She and others agree that, when it comes to DNA and genetic analysis, there’s more at play than just criminal cases. They note that the same DNA tests that suggest where a person’s ancestors resided can also reveal pre-existing medical conditions that could, theoretically, be used to deny health insurance or establish higher premiums. The same tests could predict a genetic propensity for violence or chemical abuse, which could be used to deny someone bail, halt adoption proceedings, or prevent pathways to citizenship.

Because the use of genetic genealogy in court cases is so new, there is virtually no legal precedent governing its use, says Ram, of the University of Maryland. And once law enforcement obtains a sample of someone’s DNA, she adds, data derived from it may remain at their disposal indefinitely — DNA obtained from sexual assault victims and family members of suspects, for example, has been analyzed and loaded into databases for future use.

Ram and other constitutional scholars also raise legal questions about privacy and consent. When we submit our own DNA to a commercial site, we are also submitting the DNA of our parents and siblings and children and grandchildren, family members who have not agreed to any kind of inquiry that may follow. In early 2019, more than 26 million individuals had submitted DNA to these commercial sites. Experts say that if submission trends continue, that number could surpass 100 million by next year. At that point, Ram says, it will be mathematically possible for authorities searching such sites to identify a relative of every human in America.

“We wouldn’t think it was okay for the police to search every single house in our town, so why is it okay to search all of our DNA?” asks University of Maine philosophy and ethics professor Jessica Miller. “Many people, me included, think we’ve already gone too far.”


In 2005, police linked Dennis Rader, the so-called BTK Killer of Wichita, Kansas, to crime scene DNA by obtaining a pap smear performed on his daughter years earlier. They did so without her consent and with no evidence or insinuation that she was involved in a criminal act. Both the warrant and the test itself, some legal scholars say, violate the Fourth Amendment, which prohibits unreasonable searches and seizures.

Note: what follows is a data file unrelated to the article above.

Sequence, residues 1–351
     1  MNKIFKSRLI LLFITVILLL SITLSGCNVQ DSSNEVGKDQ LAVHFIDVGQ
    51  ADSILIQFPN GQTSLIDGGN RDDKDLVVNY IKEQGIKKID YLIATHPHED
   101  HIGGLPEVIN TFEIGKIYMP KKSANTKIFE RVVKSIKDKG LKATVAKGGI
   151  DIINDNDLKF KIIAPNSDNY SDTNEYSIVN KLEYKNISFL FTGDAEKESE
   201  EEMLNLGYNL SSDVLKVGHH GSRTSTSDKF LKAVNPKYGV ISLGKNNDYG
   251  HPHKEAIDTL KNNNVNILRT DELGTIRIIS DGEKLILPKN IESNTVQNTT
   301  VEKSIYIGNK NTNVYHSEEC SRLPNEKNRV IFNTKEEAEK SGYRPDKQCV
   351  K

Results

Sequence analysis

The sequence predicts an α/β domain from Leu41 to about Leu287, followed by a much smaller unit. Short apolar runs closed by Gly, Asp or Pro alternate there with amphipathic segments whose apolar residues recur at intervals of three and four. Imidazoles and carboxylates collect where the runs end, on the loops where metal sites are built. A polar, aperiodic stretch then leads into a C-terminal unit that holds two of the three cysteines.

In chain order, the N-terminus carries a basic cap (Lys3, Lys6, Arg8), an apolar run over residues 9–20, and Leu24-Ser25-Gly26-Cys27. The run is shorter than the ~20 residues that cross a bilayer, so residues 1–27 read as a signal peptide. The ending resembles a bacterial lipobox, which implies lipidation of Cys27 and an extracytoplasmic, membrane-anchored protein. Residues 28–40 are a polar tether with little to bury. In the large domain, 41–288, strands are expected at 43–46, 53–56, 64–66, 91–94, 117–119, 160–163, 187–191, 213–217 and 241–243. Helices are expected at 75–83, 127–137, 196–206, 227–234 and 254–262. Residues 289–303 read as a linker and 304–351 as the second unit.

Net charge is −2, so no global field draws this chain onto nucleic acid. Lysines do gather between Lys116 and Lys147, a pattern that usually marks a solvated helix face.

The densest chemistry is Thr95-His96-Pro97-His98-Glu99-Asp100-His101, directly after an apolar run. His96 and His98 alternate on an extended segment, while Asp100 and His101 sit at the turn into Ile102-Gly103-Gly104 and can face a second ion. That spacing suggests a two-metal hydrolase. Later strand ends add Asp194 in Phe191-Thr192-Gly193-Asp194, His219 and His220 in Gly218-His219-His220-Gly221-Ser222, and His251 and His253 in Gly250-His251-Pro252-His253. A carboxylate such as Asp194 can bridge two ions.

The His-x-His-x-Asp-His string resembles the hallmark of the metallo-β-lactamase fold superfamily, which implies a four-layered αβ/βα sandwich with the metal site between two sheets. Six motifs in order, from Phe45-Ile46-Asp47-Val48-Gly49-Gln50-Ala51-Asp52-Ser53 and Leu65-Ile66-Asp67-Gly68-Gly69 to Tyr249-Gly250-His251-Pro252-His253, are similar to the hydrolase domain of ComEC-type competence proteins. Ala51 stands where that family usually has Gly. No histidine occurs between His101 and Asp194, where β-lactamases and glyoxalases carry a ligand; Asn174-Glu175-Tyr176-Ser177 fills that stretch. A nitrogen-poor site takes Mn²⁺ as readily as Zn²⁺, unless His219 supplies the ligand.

As Ram explains, a limitation of the justice system is that it’s hard to challenge law enforcement practices outside of an active criminal prosecution. (Rader pled guilty.) That’s why she and others are watching developments in the Steven Downs case so closely: how the court responds to the motions filed by his attorneys could establish whether these practices interfere with the rights of privacy or whether they can continue and perhaps proliferate. 

A trial date for Downs has not yet been set. The family and friends of Sophie Sergie, who’ve waited 27 years for some resolution to the case, continue waiting. Meanwhile, commercial DNA-testing companies are scrambling to create best practices for law enforcement use of their data. Some companies say they expressly prohibit any law enforcement use — although in at least two cases, police have obtained warrants compelling those companies to hand over DNA files. Others, like GEDmatch, now require users to opt in to law enforcement searches. Some users accuse companies of setting policies that are deliberately unclear, change without users’ knowledge, or are less than transparent about a company’s relationship to law enforcement.

The Downs case, Ram says, could prompt companies to further alter their policies regarding what information they share with law enforcement. But her primary concern remains how the case might impact government’s use of citizens’ most intimate information.

“If we are all going to have our genetic privacy vindicated and protected, we must have a court find these kinds of uses violate the Fourth Amendment,” Ram says. “You may never be a suspect in a violent crime, but that doesn’t mean the government can’t make your life really difficult.”